Mentions: TNFR1 ligation activates caspase-3 signaling23, important in the processing of pro-IL-16 to its active form22 and is stimulated by the IgG binding domain of SpA10. To establish the importance of TNFR1 mediated signaling in the induction of IL-16 production, we compared generation of IL-16 in WT and Tnfr1−/− mice (Figure 3). There was significantly less IL-16 in the BALF of infected Tnfr1−/− mice compared to WT controls (p<0.05) (Figure 3a). Protein content in the BALF was slightly lower in the KO mice (Figure 3b) with similar levels of KC (Figure 3c). Histopathology of Tnfr1−/− lungs infected with MRSA suggested less destruction of the normal architecture than WT mouse lung (Figure 3d), consistent with previous reports10. Numbers of bacteria recovered in BALF were similar (Figure 3e) and recruited innate immune cells into BALF and lung were not significantly different in the WT and Tnfr1−/− mice (Figure 3f-h). Participation of TNFR1 in IL-16 processing is evident, but incomplete attenuation of IL-16 production in Tnfr1−/− mice suggests that other pathways are involved.

Bottom Line: We found that interleukin-16 (IL-16), a T cell cytokine that binds CD4, is potently activated by S. aureus, specifically by protein A (SpA), and to a much greater extent than by Gram-negative pathogens or lipopolysaccharide.The production of IL-16 contributed to lung damage as neutralization of IL-16 enhanced S. aureus clearance and resulted in diminished lung pathology in S. aureus pneumonia.Our results suggest that the ability of S. aureus to activate TNFR1 and Ca(2+)/calpain signaling contribute to T cell activation and excessive inflammation in the setting of acute pneumonia.

View Article: PubMed Central - PubMed

Affiliation: Departments of Pediatrics, Columbia University College of Physicians and Surgeons, New York, New York, USA.

ABSTRACT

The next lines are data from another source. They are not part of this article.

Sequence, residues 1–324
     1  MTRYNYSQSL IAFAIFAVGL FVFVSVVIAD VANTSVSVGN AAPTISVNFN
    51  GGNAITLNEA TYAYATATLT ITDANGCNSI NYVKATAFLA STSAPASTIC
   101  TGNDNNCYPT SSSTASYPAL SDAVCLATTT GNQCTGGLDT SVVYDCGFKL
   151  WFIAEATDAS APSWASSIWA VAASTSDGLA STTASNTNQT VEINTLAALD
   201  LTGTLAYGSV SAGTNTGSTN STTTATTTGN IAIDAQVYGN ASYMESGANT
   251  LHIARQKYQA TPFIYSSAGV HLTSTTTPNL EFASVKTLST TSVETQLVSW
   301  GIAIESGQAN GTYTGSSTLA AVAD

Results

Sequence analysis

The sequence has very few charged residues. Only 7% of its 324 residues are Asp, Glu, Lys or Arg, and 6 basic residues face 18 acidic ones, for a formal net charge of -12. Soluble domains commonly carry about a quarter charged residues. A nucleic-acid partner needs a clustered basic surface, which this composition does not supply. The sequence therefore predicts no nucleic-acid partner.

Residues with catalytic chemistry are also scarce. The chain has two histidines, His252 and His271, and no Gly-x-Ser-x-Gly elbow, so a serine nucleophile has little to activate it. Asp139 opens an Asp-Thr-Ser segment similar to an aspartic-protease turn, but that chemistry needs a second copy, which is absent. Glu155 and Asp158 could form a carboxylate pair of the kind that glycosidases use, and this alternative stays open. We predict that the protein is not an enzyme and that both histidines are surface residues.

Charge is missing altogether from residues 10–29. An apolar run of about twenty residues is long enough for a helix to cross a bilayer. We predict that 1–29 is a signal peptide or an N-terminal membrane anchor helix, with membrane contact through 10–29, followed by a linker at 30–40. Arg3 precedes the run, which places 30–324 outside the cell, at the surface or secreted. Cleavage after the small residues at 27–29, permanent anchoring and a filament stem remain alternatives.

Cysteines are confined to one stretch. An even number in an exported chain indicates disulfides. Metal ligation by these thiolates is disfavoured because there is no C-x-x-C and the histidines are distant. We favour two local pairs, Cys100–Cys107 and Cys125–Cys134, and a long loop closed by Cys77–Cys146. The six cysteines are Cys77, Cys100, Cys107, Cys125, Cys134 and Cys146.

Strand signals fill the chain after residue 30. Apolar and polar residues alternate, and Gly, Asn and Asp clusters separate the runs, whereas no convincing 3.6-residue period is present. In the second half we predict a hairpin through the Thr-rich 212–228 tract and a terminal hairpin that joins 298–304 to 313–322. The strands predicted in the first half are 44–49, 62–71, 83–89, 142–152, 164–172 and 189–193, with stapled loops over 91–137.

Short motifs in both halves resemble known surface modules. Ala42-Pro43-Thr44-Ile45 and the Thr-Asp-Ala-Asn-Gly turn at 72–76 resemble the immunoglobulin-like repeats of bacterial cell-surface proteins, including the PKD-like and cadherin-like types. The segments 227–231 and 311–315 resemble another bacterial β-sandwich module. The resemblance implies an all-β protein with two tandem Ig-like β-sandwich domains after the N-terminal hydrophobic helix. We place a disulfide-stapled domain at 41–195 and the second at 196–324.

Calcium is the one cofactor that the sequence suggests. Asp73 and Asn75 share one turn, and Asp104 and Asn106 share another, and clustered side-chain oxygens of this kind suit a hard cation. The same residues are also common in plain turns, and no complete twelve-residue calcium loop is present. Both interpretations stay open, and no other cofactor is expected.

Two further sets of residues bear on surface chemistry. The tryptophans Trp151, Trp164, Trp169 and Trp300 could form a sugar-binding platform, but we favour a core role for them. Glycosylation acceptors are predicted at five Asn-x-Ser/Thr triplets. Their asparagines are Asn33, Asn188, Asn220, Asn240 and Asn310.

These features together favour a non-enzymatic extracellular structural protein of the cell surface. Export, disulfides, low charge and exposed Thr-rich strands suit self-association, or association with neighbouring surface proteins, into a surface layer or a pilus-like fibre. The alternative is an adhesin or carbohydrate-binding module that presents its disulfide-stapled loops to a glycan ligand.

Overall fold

Staphylococcus aureus is a major cause of severe pneumonia. Multiple mechanisms of proinflammatory signaling are activated to recruit immune cells into the airway in response to S. aureus. We found that interleukin-16 (IL-16), a T cell cytokine that binds CD4, is potently activated by S. aureus, specifically by protein A (SpA), and to a much greater extent than by Gram-negative pathogens or lipopolysaccharide. IL-16 production involved multiple signals including ligation of tumor necrosis factor receptor (TNFR) family members or epidermal growth factor receptor, both receptors for SpA and generation of Ca(2+) fluxes to activate calpains and caspase-3. Although human airway epithelial cells, vascular endothelial cells, THP-1 and Jurkat T cells released IL-16 in response to S. aureus in vitro, in a murine model of pneumonia, CD4(+) cells were the major source of IL-16 suggesting the involvement of an autocrine signaling pathway. The production of IL-16 contributed to lung damage as neutralization of IL-16 enhanced S. aureus clearance and resulted in diminished lung pathology in S. aureus pneumonia. Our results suggest that the ability of S. aureus to activate TNFR1 and Ca(2+)/calpain signaling contribute to T cell activation and excessive inflammation in the setting of acute pneumonia.

Show MeSH
Related in: MedlinePlus